Recipient of fellowships and grants from The Rockefeller Foundation, Ireland Literature Exchange, Trubar Foundation, Slovenia, The Institute for the Translation of Hebrew Literature and The Foundation for the Production and Translation of Dutch Literature, Yuyutsu RD Sharma is an internationally acclaimed South Asian poet and translator. He has published nine poetry collections including, A Blizzard in my Bones: New York Poems, Quaking Cantos: Nepal Earthquake Poems, Nepal Trilogy, Space Cake, Amsterdam, & Other Poems from Europe and America, and Annapurna Poems. Widely traveled author, he has read his works worldwide and held workshops in creative writing and translation at Queen's University, Belfast, University of Ottawa and South Asian Institute, Heidelberg University, Germany, University of California, Davis, Sacramento State University, California, Beijing Open University and New York University, New York. Yuyutsu is the Visiting Poet at Columbia University, New York and has just returned from China where had gone to read and conduct workshops at Beijing Normal University. Half the year, he travels and reads all over the world to read from his works and conducts Creative Writing workshops at various universities in North America and Europe but goes trekking in the Himalayas when back home. 

Jill Hoffman is the Founding Editor of Mudfish (Box Turtle Press), and the Mudfish Individual Poet Series. Box Turtle Press has just published The Gates of Pearl, a book-length poem in two voices, hers and her mother Pearl's, as Mudfish Individual Poet Series #11. Black Diaries (Mudfish Individual Poet Series # 2) was published in 2000. Her first book of poems, Mink Coat, was published by Holt, Rinehart and Winston in 1973. She is a recipient of a Guggenheim Fellowship in 1974-75. Jilted, a novel, was published by Simon & Schuster in 1993. She has a B.A. from Bennington College, M.A. from Columbia University and Ph. D. from Cornell University. She has taught in major universities (Bard, Barnard, Brooklyn, Columbia) and published in major magazines, such as The New Yorker and Paris Review. She has led the Mudfish Writing Workshop in Tribeca since 1990. She is also a painter.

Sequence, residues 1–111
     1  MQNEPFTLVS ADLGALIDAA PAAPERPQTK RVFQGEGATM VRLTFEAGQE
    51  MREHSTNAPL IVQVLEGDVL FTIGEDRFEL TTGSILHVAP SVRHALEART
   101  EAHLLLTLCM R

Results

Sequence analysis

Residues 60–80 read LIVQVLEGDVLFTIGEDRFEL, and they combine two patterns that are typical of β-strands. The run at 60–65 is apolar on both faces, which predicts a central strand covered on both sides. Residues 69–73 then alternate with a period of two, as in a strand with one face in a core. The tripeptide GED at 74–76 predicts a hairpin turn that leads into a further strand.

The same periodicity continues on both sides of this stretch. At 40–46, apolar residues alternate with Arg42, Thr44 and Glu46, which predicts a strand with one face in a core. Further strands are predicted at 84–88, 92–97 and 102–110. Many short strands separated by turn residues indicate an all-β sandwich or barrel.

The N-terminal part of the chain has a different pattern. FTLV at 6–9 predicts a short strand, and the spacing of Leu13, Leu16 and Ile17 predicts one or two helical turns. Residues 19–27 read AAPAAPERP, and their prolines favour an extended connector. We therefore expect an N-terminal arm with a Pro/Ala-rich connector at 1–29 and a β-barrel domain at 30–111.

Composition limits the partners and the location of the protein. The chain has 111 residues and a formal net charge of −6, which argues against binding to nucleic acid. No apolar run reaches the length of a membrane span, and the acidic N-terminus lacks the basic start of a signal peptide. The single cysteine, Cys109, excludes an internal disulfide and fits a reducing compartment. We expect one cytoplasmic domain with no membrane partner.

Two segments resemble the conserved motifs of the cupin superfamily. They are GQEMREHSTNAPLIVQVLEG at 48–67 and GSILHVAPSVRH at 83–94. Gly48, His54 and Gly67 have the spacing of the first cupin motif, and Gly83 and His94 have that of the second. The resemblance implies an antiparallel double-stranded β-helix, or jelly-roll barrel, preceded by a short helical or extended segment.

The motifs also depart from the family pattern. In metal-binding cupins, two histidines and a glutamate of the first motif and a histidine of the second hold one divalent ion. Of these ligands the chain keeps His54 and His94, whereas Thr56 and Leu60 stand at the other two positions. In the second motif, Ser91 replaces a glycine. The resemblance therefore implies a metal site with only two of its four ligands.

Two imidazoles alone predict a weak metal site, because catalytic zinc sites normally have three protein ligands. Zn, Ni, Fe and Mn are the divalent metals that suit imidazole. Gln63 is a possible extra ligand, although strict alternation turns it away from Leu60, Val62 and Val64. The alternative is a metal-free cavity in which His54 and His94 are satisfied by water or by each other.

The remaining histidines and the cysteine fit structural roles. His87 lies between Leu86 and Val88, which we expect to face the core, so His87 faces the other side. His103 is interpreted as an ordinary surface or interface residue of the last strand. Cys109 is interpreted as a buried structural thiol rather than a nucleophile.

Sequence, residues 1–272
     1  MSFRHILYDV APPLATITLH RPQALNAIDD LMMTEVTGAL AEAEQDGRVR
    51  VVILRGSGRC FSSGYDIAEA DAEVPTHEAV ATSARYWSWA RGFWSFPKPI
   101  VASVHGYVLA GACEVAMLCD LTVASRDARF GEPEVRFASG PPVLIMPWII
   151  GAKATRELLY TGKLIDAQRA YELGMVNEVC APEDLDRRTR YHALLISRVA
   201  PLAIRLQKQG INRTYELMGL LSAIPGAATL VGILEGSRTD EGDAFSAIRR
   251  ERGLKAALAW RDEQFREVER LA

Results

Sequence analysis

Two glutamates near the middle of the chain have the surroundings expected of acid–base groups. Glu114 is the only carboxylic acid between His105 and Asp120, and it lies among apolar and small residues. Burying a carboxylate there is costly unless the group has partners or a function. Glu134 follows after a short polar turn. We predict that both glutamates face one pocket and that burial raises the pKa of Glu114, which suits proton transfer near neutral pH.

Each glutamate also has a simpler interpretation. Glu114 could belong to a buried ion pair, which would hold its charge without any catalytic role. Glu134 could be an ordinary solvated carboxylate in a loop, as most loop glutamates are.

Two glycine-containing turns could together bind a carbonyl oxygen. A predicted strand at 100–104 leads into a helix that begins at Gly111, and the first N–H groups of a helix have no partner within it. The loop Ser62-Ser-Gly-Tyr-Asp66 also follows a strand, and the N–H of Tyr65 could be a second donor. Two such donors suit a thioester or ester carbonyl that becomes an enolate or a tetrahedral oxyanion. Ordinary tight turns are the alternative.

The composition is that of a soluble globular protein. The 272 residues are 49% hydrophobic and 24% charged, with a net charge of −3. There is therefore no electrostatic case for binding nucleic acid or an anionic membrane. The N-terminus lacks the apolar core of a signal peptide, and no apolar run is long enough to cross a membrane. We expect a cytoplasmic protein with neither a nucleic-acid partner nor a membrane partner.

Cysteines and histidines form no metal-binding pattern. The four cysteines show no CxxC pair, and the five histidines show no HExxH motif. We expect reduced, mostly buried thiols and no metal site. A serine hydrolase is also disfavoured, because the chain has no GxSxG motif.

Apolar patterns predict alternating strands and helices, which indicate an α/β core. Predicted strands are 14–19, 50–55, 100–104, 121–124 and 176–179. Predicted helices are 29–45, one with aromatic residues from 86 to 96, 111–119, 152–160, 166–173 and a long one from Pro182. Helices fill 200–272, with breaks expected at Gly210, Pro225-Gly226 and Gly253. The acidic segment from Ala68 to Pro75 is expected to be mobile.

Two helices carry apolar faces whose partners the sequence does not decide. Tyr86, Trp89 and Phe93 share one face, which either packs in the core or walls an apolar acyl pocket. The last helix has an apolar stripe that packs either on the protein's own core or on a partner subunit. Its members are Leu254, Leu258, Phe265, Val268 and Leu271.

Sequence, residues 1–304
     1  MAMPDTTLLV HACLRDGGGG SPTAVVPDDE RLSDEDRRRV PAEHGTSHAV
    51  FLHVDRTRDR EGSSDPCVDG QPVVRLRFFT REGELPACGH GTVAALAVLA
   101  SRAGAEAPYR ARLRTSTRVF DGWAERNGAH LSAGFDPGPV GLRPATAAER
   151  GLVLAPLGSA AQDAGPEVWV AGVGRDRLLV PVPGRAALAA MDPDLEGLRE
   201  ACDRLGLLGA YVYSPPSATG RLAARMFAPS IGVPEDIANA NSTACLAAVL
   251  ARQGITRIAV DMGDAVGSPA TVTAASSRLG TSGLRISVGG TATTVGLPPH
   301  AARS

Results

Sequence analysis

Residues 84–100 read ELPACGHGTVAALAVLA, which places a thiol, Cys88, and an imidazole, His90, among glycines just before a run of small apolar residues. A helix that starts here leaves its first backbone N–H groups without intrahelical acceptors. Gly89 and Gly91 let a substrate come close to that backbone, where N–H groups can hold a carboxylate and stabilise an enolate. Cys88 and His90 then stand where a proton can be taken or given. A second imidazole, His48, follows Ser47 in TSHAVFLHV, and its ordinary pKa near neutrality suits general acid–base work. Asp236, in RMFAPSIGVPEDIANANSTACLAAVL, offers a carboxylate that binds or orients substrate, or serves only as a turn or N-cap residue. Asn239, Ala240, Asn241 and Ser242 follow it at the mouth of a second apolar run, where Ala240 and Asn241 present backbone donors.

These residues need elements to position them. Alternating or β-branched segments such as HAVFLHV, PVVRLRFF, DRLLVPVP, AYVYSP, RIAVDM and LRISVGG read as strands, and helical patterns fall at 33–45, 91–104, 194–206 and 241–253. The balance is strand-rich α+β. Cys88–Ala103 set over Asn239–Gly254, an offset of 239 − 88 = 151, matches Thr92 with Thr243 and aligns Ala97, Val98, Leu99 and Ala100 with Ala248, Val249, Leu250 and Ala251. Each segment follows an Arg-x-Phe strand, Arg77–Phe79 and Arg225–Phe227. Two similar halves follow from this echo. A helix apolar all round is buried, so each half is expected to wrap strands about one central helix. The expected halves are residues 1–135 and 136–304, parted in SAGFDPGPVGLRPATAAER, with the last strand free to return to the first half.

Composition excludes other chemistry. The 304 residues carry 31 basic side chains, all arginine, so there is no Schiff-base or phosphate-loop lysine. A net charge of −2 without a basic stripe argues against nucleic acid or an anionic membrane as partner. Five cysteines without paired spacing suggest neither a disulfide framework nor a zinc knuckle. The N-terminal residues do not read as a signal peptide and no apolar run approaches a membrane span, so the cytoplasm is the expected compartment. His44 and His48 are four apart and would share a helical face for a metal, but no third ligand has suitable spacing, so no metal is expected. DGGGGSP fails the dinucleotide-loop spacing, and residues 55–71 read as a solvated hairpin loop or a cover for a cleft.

American poet and scholar, Robert Scotto was a professor of English at Baruch College, CUNY, until his retirement. His previous publications include A Critical Edition of Catch-22, a book on the contemporary American novel and essays on Walter Pater, James Joyce and other major and minor nineteenth and twentieth-century writers.  The first edition of his biography, Moondog, won the 2008 ARSC Award for Best Research in Recorded Classical Music and the Independent Publisher Book Awards 2008 bronze medal for biography. The second edition, published in 2016, is the basis for a documentary, to be released in 2018, featuring him as a participant. He has also written the entry for Moondog in the second edition of The Grove Dictionary of American Music. Although he has published poems occasionally in small journals throughout his life, his 2010 book, Journey Through India and Nepal, was his first collection.